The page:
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Revista da Sociedade Brasileira de Medicina Tropical

Print version ISSN 0037-8682On-line version ISSN 1678-9849

Rev. Soc. Bras. Med. Trop. vol.48  supl.1 Uberaba June 2015 

Review Articles

A historical overview of leprosy epidemiology and control activities in Amazonas, Brazil

Carolina Cunha 1  

Valderiza Lourenço Pedrosa 1  

Luiz Carlos Dias 1  

Andréa Braga 2  

Anette Chrusciak-Talhari 2   5  

Mônica Santos 1   5  

Gerson Oliveira Penna 3  

Sinésio Talhari 4  

Carolina Talhari 1   5  

1Departamento de Dermatologia, Fundação de Dermatologia e Venereologia Alfredo da Matta, Manaus, AM.

2Departamento de Dermatologia, Fundação de Medicina Tropical Dr Heitor Vieira Dourado, Manaus, AM.

3Departamento de Dermatologia, Centro de Medicina Tropical, Universidade de Brasília, Brasília, DF.

4Departamento de Dermatologia, Universidade Nilton Lins, Manaus, AM.

5Programa de Pós-Graduação em Medicina Tropical , Universidade do Estado do Amazonas, Manaus, AM.


Leprosy is an ancient infectious disease caused by Mycobacterium leprae. According to comparative genomics studies, this disease originated in Eastern Africa or the Near East and spread with successive human migrations. The Europeans and North Africans introduced leprosy into West Africa and the Americas within the past 500 years. In Brazil, this disease arrived with the colonizers who disembarked at the first colonies, Rio de Janeiro, Salvador and Recife, at the end of the sixteenth century, after which it was spread to the other states. In 1854, the first leprosy cases were identified in State of Amazonas in the north of Brazil. The increasing number of leprosy cases and the need for treatment and disease control led to the creation of places to isolate patients, known as leprosaria. One of them, Colonia Antônio Aleixo was built in Amazonas in 1956 according to the most advanced recommendations for isolation at that time and was deactivated in 1979. The history of the Alfredo da Matta Center (AMC), which was the first leprosy dispensary created in 1955, parallels the history of leprosy in the state. Over the years, the AMC has become one of the best training centers for leprosy, general dermatology and sexually transmitted diseases in Brazil. In addition to being responsible for leprosy control programs in the state, the AMC has carried out training programs on leprosy diagnosis and treatment for health professionals in Manaus and other municipalities of the state, aiming to increase the coverage of leprosy control activities. This paper provides a historical overview of leprosy in State of Amazonas, which is an endemic state in Brazil.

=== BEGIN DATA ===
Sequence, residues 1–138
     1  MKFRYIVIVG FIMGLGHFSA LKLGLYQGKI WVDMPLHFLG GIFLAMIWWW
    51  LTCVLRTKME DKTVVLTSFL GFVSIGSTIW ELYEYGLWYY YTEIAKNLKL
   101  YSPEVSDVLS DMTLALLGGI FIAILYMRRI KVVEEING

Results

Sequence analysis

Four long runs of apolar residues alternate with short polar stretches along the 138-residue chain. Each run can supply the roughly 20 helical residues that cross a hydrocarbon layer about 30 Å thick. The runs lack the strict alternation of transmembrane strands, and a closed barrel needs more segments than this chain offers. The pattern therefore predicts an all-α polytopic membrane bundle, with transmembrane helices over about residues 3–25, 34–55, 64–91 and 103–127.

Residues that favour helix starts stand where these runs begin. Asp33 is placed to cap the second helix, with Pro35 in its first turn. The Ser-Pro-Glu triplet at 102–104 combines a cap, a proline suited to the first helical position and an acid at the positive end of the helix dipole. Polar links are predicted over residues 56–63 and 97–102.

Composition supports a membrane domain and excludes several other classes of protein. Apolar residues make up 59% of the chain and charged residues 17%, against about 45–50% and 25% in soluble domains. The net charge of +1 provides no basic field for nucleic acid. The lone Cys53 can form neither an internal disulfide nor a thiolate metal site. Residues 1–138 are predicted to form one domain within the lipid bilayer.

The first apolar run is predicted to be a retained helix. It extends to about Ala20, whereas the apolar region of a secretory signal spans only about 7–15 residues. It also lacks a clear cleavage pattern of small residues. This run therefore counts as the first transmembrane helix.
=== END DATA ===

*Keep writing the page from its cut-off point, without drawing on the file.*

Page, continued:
Key words: Leprosy; Historical overview; Amazonas